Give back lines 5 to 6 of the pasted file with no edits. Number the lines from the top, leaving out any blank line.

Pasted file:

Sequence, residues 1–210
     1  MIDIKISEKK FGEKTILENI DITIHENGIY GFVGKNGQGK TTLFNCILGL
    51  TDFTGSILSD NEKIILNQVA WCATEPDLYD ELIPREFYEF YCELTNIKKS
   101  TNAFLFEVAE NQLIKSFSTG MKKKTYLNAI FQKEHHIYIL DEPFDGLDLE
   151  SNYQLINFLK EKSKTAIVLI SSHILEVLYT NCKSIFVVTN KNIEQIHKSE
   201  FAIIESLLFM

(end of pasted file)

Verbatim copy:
   151  SNYQLINFLK EKSKTAIVLI SSHILEVLYT NCKSIFVVTN KNIEQIHKSE
   201  FAIIESLLFM